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Interview: January 7, 2016

Michel Bussi is one of France’s most celebrated crime authors, and he’s ready to make his mark on American readers. AFTER THE CRASH is his first book to be translated into English, and it tells the riveting story of two families --- one rich and one poor --- who are battling for custody of a child who was miraculously the sole survivor of an air flight tragedy. In this brief interview with’s Joe Hartlaub, Bussi discusses his fascination with the nature vs. nurture debate and how that inspired him to write this novel. He also talks about beginning a story at its end, as well as some of AFTER THE CRASH’s precedents in American pop culture. AFTER THE CRASH is built on a very original idea, one of the most original I’ve seen in quite some time: a custody dispute over an infant between two families occasioned by an air flight tragedy and that, thanks to your deft handling of the issue, cannot be resolved by DNA testing. What was your inspiration for the story? Of all the factors that make up this fascinating work, which came first for you: the plane crash, the idea of a custody battle, or something else?

Michel Bussi: The thing that came first for me was the search for identity. I wanted a situation where no one could be sure of the baby’s family. That would allow me to ask questions about nature and nurture. For example, is a child born to rich, cultivated parents but placed in a poor and simple family going to grow up differently? To allow that to happen, I had to make all those who had witnessed the baby’s first three months disappear…hence the idea of the plane crash.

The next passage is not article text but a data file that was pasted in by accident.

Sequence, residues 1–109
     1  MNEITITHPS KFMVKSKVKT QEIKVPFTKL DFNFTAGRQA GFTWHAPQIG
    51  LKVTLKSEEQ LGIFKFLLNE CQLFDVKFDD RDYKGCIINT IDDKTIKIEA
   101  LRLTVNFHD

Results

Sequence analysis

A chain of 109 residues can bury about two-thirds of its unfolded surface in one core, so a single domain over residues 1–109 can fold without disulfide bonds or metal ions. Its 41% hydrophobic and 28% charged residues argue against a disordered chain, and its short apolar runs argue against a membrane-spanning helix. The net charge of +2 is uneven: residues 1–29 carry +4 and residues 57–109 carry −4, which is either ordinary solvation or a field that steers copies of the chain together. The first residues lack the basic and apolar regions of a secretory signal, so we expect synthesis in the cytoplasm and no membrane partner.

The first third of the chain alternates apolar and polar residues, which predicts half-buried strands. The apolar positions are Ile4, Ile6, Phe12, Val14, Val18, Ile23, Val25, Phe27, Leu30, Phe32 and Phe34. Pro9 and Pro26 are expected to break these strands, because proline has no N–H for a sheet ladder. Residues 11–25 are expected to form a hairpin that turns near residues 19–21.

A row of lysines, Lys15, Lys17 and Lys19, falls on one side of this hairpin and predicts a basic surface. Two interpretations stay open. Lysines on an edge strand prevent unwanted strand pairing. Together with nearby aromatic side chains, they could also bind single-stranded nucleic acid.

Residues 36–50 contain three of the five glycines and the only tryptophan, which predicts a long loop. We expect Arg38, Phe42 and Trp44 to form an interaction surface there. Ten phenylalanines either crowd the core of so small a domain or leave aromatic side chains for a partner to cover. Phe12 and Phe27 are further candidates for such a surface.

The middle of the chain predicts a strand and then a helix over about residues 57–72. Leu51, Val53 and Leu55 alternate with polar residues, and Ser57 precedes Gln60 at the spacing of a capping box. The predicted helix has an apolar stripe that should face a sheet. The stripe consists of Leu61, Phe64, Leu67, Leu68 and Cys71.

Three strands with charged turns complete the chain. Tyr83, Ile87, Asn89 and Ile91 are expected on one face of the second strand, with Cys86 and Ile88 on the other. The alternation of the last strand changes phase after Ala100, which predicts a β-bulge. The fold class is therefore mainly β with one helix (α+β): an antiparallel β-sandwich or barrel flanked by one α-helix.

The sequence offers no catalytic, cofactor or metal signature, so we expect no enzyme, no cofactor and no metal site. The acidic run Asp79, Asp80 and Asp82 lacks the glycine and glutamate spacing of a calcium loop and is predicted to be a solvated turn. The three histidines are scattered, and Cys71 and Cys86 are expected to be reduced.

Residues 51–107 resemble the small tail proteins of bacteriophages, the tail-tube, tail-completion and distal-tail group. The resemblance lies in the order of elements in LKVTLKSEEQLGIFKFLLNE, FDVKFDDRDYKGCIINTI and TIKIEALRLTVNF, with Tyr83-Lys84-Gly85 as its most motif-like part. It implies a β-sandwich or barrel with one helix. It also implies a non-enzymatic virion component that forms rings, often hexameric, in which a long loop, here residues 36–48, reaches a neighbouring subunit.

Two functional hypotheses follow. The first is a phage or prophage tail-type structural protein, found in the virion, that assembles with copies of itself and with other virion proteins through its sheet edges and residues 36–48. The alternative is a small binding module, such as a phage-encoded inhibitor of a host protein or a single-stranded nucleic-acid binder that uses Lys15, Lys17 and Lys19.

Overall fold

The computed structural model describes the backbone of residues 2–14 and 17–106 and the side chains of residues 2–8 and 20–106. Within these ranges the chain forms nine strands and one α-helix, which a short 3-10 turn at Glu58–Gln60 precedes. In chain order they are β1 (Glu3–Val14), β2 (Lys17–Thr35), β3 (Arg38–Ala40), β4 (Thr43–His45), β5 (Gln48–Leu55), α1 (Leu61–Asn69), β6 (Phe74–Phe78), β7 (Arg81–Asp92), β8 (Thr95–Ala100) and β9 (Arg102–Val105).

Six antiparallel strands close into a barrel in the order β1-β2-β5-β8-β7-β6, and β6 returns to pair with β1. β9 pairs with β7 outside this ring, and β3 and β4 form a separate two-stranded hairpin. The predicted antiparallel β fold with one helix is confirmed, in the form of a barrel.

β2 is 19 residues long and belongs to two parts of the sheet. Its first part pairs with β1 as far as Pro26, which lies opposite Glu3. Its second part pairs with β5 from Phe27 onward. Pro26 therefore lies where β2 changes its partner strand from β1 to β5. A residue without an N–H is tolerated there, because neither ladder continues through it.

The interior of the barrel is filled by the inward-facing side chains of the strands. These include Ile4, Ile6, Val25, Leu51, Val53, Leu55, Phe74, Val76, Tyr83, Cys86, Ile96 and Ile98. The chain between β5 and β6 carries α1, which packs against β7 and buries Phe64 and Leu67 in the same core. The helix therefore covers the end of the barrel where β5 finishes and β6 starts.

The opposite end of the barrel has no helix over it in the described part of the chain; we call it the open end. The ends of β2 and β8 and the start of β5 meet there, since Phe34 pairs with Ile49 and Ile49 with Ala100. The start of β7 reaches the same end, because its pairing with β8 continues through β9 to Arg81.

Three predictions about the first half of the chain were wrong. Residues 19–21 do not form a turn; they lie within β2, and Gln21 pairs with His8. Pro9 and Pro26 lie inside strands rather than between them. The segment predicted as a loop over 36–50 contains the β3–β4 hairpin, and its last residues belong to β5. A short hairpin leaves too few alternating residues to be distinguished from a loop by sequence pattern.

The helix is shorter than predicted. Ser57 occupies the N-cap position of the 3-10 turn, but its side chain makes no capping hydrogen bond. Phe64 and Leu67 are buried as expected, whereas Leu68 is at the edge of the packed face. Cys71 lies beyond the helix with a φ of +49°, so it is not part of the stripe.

BRC: The book reads quickly but is so intricate and complex (without being confusing) that it seems as if it would have required a good deal of work to put it together. How long did it take you to write the novel, from beginning to end, and what sort of writing schedule did you follow while creating it? And how did you organize your story writing?

MB: The idea for the novel was born over 20 years ago, before the development of DNA testing. If DNA testing had existed back then, perhaps I would never have thought of this story. The story wasn’t a thriller to begin with. I added the murders to make it more complex, but above all to be able to exploit the full potential of the novel’s double rhythm: a chase to find Lylie and an investigation that takes place over 18 years. I also knew the novel was working when I had the idea of starting at the end. Every reader is asking themselves what must be contained on this first page of a newspaper, and why it was necessary to wait 18 years in order to understand it.

BRC: You have written a number of other novels and had a highly successful career as a crime novelist in France. However, AFTER THE CRASH is your first book to be published in the United States. What do you think the primary appeal of the novel will be for American audiences?

MB: I know that the American public, perhaps even more so than the French public, enjoys large-scale fictional stories. For example, Clint Eastwood’s film Changeling works with some of the same ingredients, such as how to love a child even when you don’t know if it is your own. Of course, I dream of an American adaptation of this story, even if the setting is very French. In reality, this story could be transposed anywhere.